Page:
The third of the three stages of inner transition that accompany the outer journey to your vision is called incorporation.
Here, brick by brick, you build your vision, until one day you realise it is complete.
As one emergency room medic put it:
“It took about three years, and one day it just kinda clicked. Starting a shift in the emergency room is like the feeling before a giant battle in a movie like Braveheart or Lord of the Rings. You just have no idea what’s going to come through the door. But one day, after about three years it just kinda clicked. I finally stopped feeling nervous, because I’d reached a level of experience where I could make the correct decisions without thinking about them.”
The same will happen for everyone involved in creating your vision. As you move forward, everyone engaged in the transformation will have the stress of losing their old identity but also the opportunity to become a more expanded version of themselves.
For some people it will take three years. For others three weeks or three days. The more people are aware of and in touch with their inner leader and the lessons of The Churning, the less time it will take.
So repeat the vision. Update it as you move forward. Give everyone a role to play in bringing that vision to life, and recognise that the more explicitly their role aligns with their own purpose in life, the more committed they will be to building their own vision, and yours along with it. Because in building the vision they will be building themselves.
Celebrate the achievement of milestones and anniversaries with ‘rituals’ as appropriate. Remind people that the vision is being achieved. And continue to confirm, revise, or enhance that vision as you move forward. Remember that the vision is as much about how you operate together as what you do. And after a while you will realise that momentum has built to such an extent that you are no longer journeying towards your vision, you are living it.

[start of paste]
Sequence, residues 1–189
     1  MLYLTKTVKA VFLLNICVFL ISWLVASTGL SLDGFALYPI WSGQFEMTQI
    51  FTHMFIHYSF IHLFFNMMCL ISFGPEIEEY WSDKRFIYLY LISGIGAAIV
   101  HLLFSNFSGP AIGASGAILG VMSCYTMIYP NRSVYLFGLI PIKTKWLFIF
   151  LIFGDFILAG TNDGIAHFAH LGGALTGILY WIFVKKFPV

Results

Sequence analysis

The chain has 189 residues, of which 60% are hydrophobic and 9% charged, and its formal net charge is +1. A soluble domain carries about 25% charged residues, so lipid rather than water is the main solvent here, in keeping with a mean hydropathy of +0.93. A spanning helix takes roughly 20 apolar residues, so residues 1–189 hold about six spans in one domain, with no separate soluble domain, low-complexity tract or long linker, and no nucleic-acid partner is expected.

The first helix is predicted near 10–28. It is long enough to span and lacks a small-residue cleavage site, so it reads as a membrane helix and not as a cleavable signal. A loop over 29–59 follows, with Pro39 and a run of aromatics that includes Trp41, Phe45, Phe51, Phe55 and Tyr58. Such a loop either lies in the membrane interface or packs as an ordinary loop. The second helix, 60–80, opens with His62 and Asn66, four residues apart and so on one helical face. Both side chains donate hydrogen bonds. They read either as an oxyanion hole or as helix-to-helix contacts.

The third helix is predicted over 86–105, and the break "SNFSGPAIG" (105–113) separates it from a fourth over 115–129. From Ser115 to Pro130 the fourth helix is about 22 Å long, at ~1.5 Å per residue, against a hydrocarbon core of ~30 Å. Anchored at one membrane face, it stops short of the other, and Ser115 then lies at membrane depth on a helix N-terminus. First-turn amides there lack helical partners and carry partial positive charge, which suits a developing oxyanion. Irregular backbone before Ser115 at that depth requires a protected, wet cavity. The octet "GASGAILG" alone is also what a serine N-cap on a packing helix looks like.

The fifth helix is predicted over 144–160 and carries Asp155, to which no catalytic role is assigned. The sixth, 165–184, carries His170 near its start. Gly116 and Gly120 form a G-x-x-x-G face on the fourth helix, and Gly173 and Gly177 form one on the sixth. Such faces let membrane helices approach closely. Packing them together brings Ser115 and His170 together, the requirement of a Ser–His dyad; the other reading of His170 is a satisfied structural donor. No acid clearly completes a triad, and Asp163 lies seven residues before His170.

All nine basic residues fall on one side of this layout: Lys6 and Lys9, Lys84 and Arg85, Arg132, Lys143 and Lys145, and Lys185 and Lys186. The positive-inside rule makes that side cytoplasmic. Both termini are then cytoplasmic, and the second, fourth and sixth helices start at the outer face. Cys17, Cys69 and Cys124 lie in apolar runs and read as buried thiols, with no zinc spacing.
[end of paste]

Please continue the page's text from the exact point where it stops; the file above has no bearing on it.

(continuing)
New technologies will come and go and market conditions will change. But your role, and the role of every person in the organisation, will remain constant: to fulfil your function under those new conditions, in a way that is in line with your purpose, vision, and values. This is why Apple’s vision is articulated in terms of “deep collaboration and cross-pollination of our groups, which allow us to innovate in a way that others cannot.” Their vision is not “to build the world’s best ipod” because a) that could never be achieved, and b) on the day that the world no longer needed ipods the organisation would be stuck. By defining the vision in terms of culture and competencies (“collaboration and cross-pollination”) the organisation has a vision that can be achieved today, and can always be improved upon.
If you focus on the culture, celebrate the achievements of that culture, and then one day it “just kinda clicks”, then you know you have arrived at your destination.
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